Hi, I’m Sabra.
I pronounce is “SAY-bra”, but answer to, and rarely correct, anything from Zebra to Sabrina. A for effort and all that jazz. I have four kids who make regular appearances around here:
Kael (13) Seth (10) Jonas (7) Ivy (4)
And an amazing husband of 15 years, Damon, who only sometimes makes an appearance around here, but I still like him.
In January of 2010 I started this blog as a personal challenge to learn how to *really* sew. It was my New Year’s resolution that year and I really had no idea where it would take me or what would become of anything. I just knew that I was sick of everything I sewed looking similar to clothing and almost fitting a human body, but not quite there.
My sewing history takes me back to 6th grade when I asked my mom to teach me how to use her circa ’60s Singer sewing machine. She sat down with my younger sister, me and her machine at the kitchen table. She had us each draw an animal to make into a pillow. I drew a teddy-bear-esqe (emphasize on the esqe) shape on some corduroy. She showed us the basics of the machine and we each sewed ourselves a stuffed toy. That night I had a nightmare in which my bear came to life and tried to kill me and my family. After spending the rest of the night in my mom’s bed, I got rid of my first sewn creation and laid aside any seamstress aspirations.
My last semester of college, senior thesis completed and presented, I needed another “filler” class in order to keep my scholarship and grant obligations in full-time quota until graduation. My schedule was padded with the likes of racquetball and cross-country skiing, but I was still a couple credits short. My fashion-design major roommate suggested a sewing class. Only the 100 level sewing courses didn’t jive with the rest of my heavy schedule. I had my roommate convince her professor-advisor to let me into a mid-level fashion design course, under strict pledge that my roommate would be responsible for me and hold my hand through it all. This was the first thing I turned in for a grade
I was dating my now-husband at the time. The most romantic hotpad ever!
And I’m sure my teacher wept inside while re-thinking her chosen career. By the end of the semester I wasn’t great, but I had improved so much that my teacher pulled me aside and told me that though she at first thought there was no hope for me, I was the most improved student she’d ever had. And then reminded me that it was most likely because I had come in with negative talent. She gave me a B, based solely on how much I’d improved. Very generous of her, really.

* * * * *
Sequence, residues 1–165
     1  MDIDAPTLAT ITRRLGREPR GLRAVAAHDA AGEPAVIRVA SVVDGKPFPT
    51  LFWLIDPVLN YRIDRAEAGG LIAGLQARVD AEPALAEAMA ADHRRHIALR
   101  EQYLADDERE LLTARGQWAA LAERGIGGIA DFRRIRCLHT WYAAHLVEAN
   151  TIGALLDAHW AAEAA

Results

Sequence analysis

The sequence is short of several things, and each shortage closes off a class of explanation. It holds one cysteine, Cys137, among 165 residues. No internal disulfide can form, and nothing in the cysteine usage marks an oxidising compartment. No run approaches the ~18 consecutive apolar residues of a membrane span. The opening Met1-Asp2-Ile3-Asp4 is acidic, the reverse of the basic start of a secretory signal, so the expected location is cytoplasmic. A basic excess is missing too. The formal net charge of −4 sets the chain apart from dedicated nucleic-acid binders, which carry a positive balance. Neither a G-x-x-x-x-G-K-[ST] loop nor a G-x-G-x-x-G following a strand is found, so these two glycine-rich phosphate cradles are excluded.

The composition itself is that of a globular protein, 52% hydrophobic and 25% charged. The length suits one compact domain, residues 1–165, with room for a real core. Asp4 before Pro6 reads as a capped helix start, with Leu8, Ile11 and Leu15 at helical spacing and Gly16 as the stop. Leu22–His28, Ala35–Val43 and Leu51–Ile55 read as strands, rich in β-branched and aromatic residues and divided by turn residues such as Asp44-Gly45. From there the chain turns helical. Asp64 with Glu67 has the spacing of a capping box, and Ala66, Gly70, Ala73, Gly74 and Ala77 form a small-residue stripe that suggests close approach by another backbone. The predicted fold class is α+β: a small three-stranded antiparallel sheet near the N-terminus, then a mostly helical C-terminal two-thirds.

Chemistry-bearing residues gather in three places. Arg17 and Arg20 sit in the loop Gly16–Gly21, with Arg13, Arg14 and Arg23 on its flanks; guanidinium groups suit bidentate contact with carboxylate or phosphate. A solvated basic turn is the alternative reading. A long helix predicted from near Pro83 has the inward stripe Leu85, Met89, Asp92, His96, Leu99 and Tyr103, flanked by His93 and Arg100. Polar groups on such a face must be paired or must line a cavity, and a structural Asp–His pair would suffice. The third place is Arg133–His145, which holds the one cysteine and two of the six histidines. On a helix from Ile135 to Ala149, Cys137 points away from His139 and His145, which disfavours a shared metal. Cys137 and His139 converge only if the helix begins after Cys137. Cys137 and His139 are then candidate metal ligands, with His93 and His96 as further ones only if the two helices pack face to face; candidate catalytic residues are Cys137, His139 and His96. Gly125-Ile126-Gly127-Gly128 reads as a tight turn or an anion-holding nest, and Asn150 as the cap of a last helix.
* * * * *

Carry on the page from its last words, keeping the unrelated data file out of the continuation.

Two years later, my husband gave me my first sewing machine, a basic Singer, for Christmas. A neighbor gave me an old serger. I was set. I cranked out a ton of pajama pants for family and friends, some of which even fit. I made bedding and accessories for my children as they came along. But where I really felt most comfortable was sewing Halloween costumes. Part of it is because I could let my imagination have free reign. But if I am honest, it was mostly because I could get away with not doing a fantastic construction and design job. My kids didn’t care, people were distracted by the idea enough to not notice the details that screamed “homemade by an amateur!”. Or at least were polite enough to not comment on them. I wanted to move beyond that. I wanted to be able to make things that fit right and look right. Basically, I wanted to be good.
So, since I did my most growth while under academic pressure, I pulled out my old college sewing text book, A Guide to Fashion Sewing, second edition, by Connie Amaden-Crawford (amazon affiliate link). Chapter by chapter, project by project I worked my way through most of the book in 2010, sharing the lessons I was learning on this blog along the way. Things got more sporadic with the lessons in 2011, and then pretty much completely fizzled when I got pregnant with my daughter that spring. But I kept sewing. A lot.
Over the years, my sewing has greatly improved and I’ve been featured in Quilter’s Home Magazine’s 55 Rad Blogs, as a Bernina We All Sew Favorite Blogger, and on The Wedding Channel’s DIY Wedding Day blog, as well as on numerous other blogs and DIY sites including Craft Gawker, Style Gawker, UCreate, Craft Gossip, Made, Made-By-Rae, Crap I’ve Made, Tip Junkie, Skip to My Lou, Today’s Creative Blog, One Pretty Thing and more. Many of my tutorials and patterns have been featured at All Free Sewing, included in a few of their Ebooks, and two of my tutorials are on their “Favorites for 2012” list. I’ve been a contestant with Project:Sewn, took first place in I am Momma-Hear Me Roar’s boy contest, and a finalist in Made-By-Rae’s Spring Top series and Little Blue Boo’s Design Challenge. I’ve worked directly with Jo-Ann Stores, Michael Levine, Coats & Clark, Girl Charlee, Blank Slate Patterns, See Kate Sew, Shwin Designs, Peek-A-Boo Patterns, GoTo Patterns, CINO Patterns, Very Shannon, Create Kids Couture, and more. And I have some really exciting projects in the works that are still under wraps, but they’re going to be amazing and I can’t wait to share them!
Basically, I’ve come a long way, baby!
And I’m even more excited about what the future has in store for me and my craft. I still have so much more I want to learn and so many ideas always swirling in my head. I’ve discovered a love and passion for sewing for my kids, my boys in particular. I focus a great deal on boy fashion and am always looking for inspiring ways to add interest and details to my kids’ clothing.
I’ve moved from getting the basics of sewing down, to really focusing on details and trying to improve the quality of my work. I don’t know that I’ll ever perfect my sewing, but I’m having an amazing time trying to reach that Project Nirvana. And I’m happy to have you along for the ride.